Speed Up Your Network
You sit down to load into bankofamerica.com and then you notice a white screen with the never ending spinning wheel. After some time it finally loads. What should you do in this case? I always advise my customers to first call their ISP. Your ISP will be whoever provides you internet and it’s likely going to be Comcast, AT&T, WOW, or Home Telecom if you’re in the Tri-County area of South Carolina. The only question you need to ask at this point is “What internet package am I paying for?” The most common package for a residential user on Comcast is going to be 25 down and 5 up. Write down what they tell you.
The next step is to go to www.SpeedTest.net but please be wary. Don’t click on anything other than the big green “BEGIN TEST” button. There are often advertisements like the one I just received (see below) that advise you to scan your computer. Do not click these, they will install unwanted programs to your PC.
Okay, so now that we have run the scans we have a snapshot of the speeds we are getting vs. what we are paying for monthly.
A good ping is anywhere from 0-75 ms. If your ping times are over 75 it would be beneficial to get a technician on-site to troubleshoot further.
If your speeds are within 80% of the package you pay for through your ISP you are in good business. If they aren’t call CyndrTec to have a Certified Technician arrive on-site to test your network equipment and replace it if need be.
Below I will list some of the most common reasons for sluggish networks and/or lack of network connectivity.
#1 Bad NIC (Network Interface Card)
Intermittent network errors, particularly those that are isolated to a single computer, can be traced to a failing card. If you believe it to be the card visually inspect the LED link lights on the back of your computer.
A solid green (or amber) LED indicates that it is receiving a good connection. If there is no light it means that it may be plugged into a bad wall-jack, faulty port, or it’s disabled in Windows. Once all of those are ruled out it’s likely a bad card and will need to be replaced.
#2 Daisy Chaining
As organizations and networks grow IT contractors often implement simple solutions. Many choose to add a five-port switch to an existing five port switch. Many businesses boast such a setup. However, as switches are added it creates an additional point of failure for data to reach its destination and as such complicates the routing. Depending on the amount of traffic your network supports a small dentist office can easily stress 10/100 systems and the addition of an additional hop or two can be the difference between a smooth running network and a slow one.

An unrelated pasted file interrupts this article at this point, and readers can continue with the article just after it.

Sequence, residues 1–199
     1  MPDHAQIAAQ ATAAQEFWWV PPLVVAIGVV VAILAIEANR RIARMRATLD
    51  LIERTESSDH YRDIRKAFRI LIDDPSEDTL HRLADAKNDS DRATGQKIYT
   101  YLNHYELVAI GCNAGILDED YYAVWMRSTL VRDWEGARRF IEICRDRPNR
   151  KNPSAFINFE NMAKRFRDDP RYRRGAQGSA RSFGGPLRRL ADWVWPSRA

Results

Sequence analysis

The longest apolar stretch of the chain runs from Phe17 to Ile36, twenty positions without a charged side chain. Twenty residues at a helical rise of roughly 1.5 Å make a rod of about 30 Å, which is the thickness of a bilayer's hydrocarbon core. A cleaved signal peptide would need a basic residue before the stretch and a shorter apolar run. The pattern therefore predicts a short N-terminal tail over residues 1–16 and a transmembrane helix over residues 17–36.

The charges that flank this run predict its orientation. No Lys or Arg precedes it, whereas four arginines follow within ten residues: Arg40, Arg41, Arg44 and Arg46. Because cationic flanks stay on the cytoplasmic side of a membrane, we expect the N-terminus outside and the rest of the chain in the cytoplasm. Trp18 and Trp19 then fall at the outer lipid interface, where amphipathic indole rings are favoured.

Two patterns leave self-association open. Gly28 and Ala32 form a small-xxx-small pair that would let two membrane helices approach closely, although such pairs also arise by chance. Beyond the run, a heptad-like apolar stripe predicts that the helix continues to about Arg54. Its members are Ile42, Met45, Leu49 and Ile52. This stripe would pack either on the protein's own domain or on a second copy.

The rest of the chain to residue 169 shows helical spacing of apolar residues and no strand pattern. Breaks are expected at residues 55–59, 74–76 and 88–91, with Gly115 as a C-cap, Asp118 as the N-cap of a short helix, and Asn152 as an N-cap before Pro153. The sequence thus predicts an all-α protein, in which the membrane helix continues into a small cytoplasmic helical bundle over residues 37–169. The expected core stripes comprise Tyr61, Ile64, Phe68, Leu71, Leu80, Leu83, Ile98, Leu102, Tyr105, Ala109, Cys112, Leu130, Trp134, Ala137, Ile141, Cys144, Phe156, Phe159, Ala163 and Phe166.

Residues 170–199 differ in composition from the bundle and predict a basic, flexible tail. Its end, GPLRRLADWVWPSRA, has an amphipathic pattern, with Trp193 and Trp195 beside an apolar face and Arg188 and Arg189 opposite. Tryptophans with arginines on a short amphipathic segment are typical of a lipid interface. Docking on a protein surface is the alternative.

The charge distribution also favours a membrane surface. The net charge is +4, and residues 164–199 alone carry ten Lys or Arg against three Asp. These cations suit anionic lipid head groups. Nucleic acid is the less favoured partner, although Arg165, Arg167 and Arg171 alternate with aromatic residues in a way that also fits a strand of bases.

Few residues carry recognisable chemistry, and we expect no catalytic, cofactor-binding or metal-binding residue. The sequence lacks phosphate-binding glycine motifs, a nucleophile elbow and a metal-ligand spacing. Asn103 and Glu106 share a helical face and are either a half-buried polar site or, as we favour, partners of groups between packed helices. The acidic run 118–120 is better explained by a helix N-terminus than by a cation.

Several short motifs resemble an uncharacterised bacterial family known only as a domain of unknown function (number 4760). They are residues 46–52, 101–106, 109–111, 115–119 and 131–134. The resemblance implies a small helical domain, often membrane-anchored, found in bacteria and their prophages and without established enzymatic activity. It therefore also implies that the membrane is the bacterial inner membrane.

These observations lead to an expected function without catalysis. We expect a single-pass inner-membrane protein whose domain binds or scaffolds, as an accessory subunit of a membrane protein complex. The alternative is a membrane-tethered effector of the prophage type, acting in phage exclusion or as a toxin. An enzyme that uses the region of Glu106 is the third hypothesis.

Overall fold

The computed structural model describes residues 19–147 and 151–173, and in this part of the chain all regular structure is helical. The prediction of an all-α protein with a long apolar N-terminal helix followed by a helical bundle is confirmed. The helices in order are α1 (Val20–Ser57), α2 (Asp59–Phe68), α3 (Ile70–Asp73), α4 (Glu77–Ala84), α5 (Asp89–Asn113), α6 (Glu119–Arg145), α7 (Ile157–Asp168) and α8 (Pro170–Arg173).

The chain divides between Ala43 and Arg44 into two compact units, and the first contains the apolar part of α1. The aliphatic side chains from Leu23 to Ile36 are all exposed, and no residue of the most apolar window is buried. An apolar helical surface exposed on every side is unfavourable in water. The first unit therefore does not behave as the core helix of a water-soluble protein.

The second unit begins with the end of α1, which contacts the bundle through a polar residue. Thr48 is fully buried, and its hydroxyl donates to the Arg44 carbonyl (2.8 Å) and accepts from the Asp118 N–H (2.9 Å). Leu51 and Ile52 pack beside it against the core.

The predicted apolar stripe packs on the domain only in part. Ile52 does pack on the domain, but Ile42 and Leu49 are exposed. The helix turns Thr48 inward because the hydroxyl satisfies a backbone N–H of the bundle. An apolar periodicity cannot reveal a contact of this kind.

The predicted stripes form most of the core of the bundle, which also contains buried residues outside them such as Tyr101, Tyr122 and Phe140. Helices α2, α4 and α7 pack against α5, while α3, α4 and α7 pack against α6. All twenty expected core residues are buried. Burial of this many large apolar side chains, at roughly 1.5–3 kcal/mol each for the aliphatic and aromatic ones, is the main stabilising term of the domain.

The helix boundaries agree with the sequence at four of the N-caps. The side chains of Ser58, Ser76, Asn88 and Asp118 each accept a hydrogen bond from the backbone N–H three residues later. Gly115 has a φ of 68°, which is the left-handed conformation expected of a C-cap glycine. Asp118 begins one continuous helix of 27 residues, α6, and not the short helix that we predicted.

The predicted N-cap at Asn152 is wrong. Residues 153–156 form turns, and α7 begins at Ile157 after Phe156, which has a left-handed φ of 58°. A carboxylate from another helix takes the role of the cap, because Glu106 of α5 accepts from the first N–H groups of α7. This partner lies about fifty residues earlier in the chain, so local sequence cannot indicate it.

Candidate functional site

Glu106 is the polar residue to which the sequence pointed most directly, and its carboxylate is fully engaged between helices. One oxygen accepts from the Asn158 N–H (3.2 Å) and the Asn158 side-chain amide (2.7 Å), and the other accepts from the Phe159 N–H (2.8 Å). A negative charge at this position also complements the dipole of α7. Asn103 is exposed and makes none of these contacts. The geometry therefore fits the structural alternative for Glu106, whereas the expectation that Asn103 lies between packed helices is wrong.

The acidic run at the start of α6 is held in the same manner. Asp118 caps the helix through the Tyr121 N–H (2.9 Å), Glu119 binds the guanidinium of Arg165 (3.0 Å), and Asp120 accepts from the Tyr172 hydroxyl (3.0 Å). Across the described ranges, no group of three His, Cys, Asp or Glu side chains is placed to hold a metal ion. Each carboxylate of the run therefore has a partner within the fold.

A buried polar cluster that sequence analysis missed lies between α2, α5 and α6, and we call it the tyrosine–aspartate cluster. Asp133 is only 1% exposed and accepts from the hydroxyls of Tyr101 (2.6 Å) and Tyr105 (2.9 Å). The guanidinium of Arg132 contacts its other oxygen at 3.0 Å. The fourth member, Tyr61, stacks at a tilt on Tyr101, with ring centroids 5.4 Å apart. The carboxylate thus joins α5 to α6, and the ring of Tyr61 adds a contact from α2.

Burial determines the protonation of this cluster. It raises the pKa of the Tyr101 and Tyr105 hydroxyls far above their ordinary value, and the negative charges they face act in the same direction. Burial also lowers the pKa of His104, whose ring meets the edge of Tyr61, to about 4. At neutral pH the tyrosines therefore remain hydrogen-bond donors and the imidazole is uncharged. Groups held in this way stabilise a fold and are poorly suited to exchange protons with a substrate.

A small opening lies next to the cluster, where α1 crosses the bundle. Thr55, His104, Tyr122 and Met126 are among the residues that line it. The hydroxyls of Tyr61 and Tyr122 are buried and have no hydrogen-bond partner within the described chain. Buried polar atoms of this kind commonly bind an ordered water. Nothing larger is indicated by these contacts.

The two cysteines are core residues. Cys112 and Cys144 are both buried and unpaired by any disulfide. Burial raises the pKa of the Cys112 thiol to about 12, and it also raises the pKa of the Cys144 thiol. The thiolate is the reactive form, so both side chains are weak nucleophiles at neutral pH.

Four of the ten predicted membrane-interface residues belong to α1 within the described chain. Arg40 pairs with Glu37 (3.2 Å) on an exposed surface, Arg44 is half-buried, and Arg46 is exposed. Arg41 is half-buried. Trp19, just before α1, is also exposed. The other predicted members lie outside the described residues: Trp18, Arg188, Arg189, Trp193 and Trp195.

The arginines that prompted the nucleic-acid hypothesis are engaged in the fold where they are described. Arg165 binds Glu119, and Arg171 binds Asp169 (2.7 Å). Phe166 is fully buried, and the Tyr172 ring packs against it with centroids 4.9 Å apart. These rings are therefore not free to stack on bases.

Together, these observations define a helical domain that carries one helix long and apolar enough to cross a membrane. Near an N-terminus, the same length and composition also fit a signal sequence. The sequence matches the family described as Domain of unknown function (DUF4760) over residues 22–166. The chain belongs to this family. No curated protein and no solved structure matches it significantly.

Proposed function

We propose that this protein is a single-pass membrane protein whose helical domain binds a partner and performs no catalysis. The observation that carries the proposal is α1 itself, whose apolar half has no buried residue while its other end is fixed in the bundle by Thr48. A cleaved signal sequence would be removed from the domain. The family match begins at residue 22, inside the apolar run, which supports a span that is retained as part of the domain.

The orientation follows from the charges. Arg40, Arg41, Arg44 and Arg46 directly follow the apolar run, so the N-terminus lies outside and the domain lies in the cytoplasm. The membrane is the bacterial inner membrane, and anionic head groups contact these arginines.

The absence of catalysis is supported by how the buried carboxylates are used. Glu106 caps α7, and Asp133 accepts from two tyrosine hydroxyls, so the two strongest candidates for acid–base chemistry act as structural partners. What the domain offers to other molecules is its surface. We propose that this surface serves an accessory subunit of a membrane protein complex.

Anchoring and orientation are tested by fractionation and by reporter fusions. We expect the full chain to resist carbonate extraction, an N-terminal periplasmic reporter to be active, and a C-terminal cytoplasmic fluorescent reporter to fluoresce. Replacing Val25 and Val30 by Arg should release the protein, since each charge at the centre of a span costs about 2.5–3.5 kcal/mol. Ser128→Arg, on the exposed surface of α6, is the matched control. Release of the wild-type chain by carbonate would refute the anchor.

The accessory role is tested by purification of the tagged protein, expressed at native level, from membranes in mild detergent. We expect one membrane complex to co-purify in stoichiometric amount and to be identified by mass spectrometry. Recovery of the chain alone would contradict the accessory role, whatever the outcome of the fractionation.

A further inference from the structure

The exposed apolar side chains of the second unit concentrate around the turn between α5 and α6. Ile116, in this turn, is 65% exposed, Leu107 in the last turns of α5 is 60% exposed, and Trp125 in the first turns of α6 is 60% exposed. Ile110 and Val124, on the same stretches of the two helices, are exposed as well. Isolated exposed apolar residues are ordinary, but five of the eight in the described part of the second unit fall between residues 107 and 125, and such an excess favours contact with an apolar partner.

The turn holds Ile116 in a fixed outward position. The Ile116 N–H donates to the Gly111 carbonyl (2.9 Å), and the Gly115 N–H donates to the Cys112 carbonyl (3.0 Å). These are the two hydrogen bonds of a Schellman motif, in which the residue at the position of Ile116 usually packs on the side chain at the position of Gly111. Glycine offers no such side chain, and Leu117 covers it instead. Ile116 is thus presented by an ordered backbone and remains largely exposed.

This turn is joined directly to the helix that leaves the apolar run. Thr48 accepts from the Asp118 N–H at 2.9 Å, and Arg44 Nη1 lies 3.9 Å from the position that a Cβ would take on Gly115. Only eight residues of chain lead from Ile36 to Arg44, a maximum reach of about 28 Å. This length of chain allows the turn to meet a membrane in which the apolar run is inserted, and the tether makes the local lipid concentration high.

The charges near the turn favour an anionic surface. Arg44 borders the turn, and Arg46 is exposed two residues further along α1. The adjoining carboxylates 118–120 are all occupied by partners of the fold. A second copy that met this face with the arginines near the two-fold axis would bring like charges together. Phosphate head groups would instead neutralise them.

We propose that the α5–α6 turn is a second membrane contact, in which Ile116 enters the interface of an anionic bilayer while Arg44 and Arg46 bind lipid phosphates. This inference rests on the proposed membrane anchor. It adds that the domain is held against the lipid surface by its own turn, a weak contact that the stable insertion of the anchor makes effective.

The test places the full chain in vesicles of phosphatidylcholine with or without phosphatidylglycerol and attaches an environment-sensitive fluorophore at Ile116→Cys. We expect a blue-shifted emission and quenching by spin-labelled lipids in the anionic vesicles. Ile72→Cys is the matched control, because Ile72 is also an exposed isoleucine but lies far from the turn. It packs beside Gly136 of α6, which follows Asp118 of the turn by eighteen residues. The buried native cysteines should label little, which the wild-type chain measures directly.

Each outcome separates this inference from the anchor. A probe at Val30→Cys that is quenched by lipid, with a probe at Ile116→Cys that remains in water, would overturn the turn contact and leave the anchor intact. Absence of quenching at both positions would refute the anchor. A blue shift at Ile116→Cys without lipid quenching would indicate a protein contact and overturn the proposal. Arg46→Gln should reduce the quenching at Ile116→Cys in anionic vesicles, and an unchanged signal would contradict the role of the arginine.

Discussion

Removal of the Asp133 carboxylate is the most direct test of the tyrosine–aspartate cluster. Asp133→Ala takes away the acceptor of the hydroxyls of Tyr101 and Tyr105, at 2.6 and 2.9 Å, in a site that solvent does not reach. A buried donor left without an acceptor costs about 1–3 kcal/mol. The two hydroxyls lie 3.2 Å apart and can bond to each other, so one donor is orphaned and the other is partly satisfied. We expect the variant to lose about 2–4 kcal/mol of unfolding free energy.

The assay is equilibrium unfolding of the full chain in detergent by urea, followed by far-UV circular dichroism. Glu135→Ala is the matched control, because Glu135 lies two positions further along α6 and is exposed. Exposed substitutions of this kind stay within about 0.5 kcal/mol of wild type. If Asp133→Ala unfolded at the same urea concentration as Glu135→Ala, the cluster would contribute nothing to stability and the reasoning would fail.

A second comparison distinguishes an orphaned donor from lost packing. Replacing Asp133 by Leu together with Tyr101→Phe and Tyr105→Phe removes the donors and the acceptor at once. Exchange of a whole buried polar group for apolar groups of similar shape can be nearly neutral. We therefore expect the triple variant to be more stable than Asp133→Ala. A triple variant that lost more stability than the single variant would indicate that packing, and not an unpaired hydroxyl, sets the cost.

Resist the urge to daisy chain and instead plan for capacity. If you have filled your 5 port switch but you need 4 more ports opt to replace the 5 port switch with a 16 port switch and you’ll have an additional 7 ports available. It’s all about consolidating your network.
#3 Failing Switches or Routers
Many network slowdowns are strange in the beginning. Your internet may work one minute and the next everything stops, you may experience slow loading on webpages or you notice that you need to reboot your router more often to alleviate drags. Make sure your routers and switches are connected to a good UPS as power fluctuations can take their toll on network equipment. If all is well and it’s not due to power fluctuations it may be a good idea to look at replacing the equipment.
#4 Excessive Network Based Applications
Networks can be overrun by the applications we use on a daily basis. For example, you may run a doctors office that has a web-based patient and practice application that is running during business hours. This takes up bandwidth. Add to that any video or music streaming and VoIP which has become more common place in recent years, it’s easy to see how slow these can make a network.
Implement policies and web-filtering tools to prevent applications from overwhelming your network bandwidth.
#5 Spyware and Viruses
It’s important to have a good anti-virus software installed on your machine. Viruses and spyware can wreak havoc on them. Add to that the fact that they can leverage your systems ability to send e-mails to hundreds or thousands of contacts in one hour and it’s easy to see how this can bog a network down.
#6 Insufficient Bandwidth
You may need to upgrade your package through your ISP especially if #4 is familiar to you. You may also have old equipment that needs to be upgraded. Equipment from even just 5 years ago is slow compared to today’s standards!
#7 DNS Errors
DNS configuration errors can lead to numerous network failures and generalized slow performance. When no DNS server is available on a local LAN, local systems may have trouble finding one another or accessing local resources because they’ll have trouble finding service locator records that assist Windows systems in communicating with Active Directory. Worse, systems with no local DNS server or those workstations having DNS servers several hops away may experience delays or flat outages in accessing Web sites.
Try placing DNS servers as close to network systems as possible. Although adding DNS services to existing servers places greater demand on those boxes, properly configured machines can remain secure and noticeably enhance response times to external resources.
Also, always check to ensure systems are configured to use the proper DNS servers. Network architectures change over time, yet older workstations (particularly those set to use static addressing) occasionally are forgotten and continue operating using outdated DNS settings. As your organization and ISP update DNS systems, be sure workstations and other routing equipment actually receive the updates.
And, as always if you have any questions concerning this or any other post please feel free to let us know in the comments below.